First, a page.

The Avalanche flipped the script on Arizona goaltender Darcy Kuemper on Monday.
Colorado, which couldn’t win on a 51-shot attack on Saturday, chased the starter en route to a 7-1 victory over the Coyotes in Game 4 at Rogers Place in Edmonton.
The Avs now leads the series 3-1 with a chance to close it out and advance to the second round on Wednesday.
“We didn’t change anything honestly,” Avs superstar center Nathan MacKinnon said. “We got a few bounces and we know we’re one of the best goal-scoring teams in the league this year. We’re such a deep team that it was eventually going to go in. We wanted to come out flying. We felt that in Game 2 and 3 they had the better first five minutes and that set the tone. We outplayed them, they didn’t have a shot on net until halfway through the first. Obviously the power play had to step up. We’ve been pretty good but obviously could’ve been a bit better. We got the job done today. That starts with our 5-on-5 play, though.”
Kuemper was eventually pulled after allowing four goals on 22 shots in a 4-1 game. His replacement, Antti Raanta, allowed three goals in the final frame. Colorado’s starter Philipp Grubauer made 14 saves as the Avs outshot the Coyotes 30-15.
The Avs started strong, mimicking the performance they had to begin Game 1 last Wednesday. While the team stressed the importance of making it more difficult for Kuemper to see the puck, they still stuck to the plan of continuing to pepper the opposition with shots and control the puck in the offensive zone. Arizona did not have a shot until 10:27 into the game and was already trailing 1-0.
Fourth line winger Matt Nieto scored the opening goal after the puck deflected off his skate and into the back of the net. Center Nazem Kadri tallied the next two on the power play. The 29-year-old now has four playoff goals in seven games since the NHL restart — one more than his entire 19-game playoff career with the Toronto Maple Leafs.
“What we were missing was a really sound centerman in our lineup to go along with a guy that could drive a line,” MacKinnon said of his teammate. “That’s Naz to a ‘T.’ He’s a great player for us, great on faceoffs. He brings some swagger to our team too. He’s a fun guy to be around, he’s very confident and a great teammate. Every facet of the game helps our team. He’s having a great playoffs so far and we wouldn’t be here without him.”
Kadri has recorded zero penalty minutes after developing a reputation in the past two playoff seasons which saw him get suspended in the first round each time.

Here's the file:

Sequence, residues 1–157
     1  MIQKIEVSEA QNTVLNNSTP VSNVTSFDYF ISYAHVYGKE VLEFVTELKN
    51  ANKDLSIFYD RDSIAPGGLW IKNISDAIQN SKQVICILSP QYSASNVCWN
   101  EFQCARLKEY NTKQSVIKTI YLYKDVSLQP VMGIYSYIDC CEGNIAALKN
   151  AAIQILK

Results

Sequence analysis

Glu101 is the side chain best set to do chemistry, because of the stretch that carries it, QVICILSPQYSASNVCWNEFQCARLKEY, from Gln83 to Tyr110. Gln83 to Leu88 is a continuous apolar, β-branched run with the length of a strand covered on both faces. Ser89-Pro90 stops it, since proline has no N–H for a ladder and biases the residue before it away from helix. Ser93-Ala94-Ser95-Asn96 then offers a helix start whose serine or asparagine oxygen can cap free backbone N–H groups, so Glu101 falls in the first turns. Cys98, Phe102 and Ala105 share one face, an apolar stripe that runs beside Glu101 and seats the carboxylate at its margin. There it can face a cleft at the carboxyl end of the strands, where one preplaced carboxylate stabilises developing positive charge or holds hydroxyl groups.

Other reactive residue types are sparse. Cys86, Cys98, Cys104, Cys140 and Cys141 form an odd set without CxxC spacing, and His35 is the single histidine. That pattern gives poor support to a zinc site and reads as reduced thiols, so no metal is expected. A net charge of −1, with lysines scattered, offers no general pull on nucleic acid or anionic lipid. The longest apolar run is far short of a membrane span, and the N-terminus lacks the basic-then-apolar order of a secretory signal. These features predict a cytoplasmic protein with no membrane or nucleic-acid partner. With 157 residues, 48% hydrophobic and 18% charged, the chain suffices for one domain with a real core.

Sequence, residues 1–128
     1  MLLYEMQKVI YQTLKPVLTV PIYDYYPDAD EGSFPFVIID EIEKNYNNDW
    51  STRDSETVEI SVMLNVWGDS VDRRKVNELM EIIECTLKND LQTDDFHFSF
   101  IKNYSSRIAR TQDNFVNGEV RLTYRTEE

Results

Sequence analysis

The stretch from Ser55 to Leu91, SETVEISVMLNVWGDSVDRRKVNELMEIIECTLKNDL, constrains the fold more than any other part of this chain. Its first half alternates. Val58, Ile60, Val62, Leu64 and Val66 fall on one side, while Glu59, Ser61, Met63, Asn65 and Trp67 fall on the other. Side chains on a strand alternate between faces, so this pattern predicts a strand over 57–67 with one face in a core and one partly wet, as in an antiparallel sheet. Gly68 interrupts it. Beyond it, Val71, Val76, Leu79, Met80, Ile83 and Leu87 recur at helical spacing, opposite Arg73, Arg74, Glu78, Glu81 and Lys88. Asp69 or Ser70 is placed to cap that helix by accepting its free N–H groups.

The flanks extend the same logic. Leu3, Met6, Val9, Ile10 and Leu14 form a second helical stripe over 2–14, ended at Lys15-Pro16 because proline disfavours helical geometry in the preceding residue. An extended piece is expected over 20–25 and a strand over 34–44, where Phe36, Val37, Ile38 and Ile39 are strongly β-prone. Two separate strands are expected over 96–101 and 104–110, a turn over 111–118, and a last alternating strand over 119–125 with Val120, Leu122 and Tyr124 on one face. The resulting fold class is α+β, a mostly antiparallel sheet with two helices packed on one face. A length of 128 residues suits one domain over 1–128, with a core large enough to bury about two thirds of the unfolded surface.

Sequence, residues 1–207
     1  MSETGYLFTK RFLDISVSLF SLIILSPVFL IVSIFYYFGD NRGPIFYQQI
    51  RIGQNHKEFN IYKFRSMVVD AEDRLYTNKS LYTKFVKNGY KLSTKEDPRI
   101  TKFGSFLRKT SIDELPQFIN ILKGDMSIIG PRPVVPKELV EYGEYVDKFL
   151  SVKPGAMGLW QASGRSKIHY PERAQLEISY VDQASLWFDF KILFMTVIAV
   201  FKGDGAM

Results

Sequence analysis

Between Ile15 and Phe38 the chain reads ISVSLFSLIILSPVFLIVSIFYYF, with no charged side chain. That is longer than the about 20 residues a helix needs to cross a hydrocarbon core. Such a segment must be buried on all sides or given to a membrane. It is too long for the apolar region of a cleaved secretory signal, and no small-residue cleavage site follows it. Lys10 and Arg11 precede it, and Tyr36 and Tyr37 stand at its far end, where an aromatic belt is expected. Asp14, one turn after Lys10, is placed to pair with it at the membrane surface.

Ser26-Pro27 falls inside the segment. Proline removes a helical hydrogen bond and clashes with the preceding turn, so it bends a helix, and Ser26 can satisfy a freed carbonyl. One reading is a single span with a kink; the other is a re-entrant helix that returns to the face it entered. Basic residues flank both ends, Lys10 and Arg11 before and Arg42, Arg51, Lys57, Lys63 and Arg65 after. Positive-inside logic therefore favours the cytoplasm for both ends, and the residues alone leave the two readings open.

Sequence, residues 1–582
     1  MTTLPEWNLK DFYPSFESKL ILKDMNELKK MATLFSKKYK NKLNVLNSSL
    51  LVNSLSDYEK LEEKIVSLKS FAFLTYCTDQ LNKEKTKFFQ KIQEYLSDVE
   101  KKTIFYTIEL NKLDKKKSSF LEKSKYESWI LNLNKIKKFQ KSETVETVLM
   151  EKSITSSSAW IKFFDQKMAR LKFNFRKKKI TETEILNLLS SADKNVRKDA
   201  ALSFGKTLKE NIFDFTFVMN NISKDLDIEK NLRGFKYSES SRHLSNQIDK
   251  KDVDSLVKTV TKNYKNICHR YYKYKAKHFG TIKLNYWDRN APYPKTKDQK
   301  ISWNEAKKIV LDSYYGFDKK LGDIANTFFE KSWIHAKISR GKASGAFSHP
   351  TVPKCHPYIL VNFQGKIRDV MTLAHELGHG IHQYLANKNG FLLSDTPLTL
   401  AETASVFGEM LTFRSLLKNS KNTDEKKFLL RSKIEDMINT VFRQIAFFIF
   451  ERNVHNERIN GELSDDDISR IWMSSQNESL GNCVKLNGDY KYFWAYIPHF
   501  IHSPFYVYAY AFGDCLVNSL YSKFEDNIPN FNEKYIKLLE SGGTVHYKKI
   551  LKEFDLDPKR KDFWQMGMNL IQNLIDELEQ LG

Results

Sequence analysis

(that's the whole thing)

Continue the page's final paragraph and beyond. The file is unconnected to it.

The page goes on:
“I just try to play as hard as I can,” he said. “I’m more important on the ice than I am in the penalty box. Just trying to show a little more maturity and worry about the scoresheet.”
The Avalanche’s power play was 3-for-7. Kadri drew the penalty that led to his second power-play goal. Colorado’s special teams have been dominant throughout the series. Not only has it scored four goals on 16 opportunities with the man advantage, but it’s surrendered just one goal on 13 tries — which came in the second period of this game.
Leading by three goals entering the third, Colorado’s prized rookie defenseman Cale Makar scored a breakaway goal on a spectacular individual effort to blow the game wide open. The fifth Avalanche goal was enough to put an end to any hopes the Coyotes had of making a late-game comeback.
“That goal kind of takes the wind out of their sails,” Bednar said. “Doesn’t give them an opportunity to scratch and claw back into the game. It was a timely goal but that’s what good players do.”
MacKinnon was involved in a tussle in the third period that resulted in offsetting roughing minor penalties. After Coyotes forward Lawson Crouse hit Makar, his teammates came to his aid. And even though Makar admitted he put himself in a dangerous position, the result of the gathering in front of the bench led to MacKinnon, who was crosschecked by Arizona’s Christian Fischer, wrestling his opponent to the floor.
MacKinnon’s roughing minor was his 10th penalty minute in seven playoff games after having just 12 throughout the regular season.
“I love his fire and passion he’s played with the whole series,” Avs coach Jared Bednar said of the Hart Trophy finalist. “It’s a check from behind on Cale. Our guys took offense to it. Nate and Fischer get paired up and it’s just two guys playing with intensity and passion and they get wrestled up. I love seeing our guys stick up for one another at the right time.”
Colorado’s Matt Calvert, who added the sixth goal in the third period added: “I think Fischer crosschecked the wrong guy in the face. You saw what Nate did to him. He absolutely manhandled him. He probably could’ve thrown ten punches and knocked him out. Not the right guy to do it to but I’m glad he didn’t throw the punches.”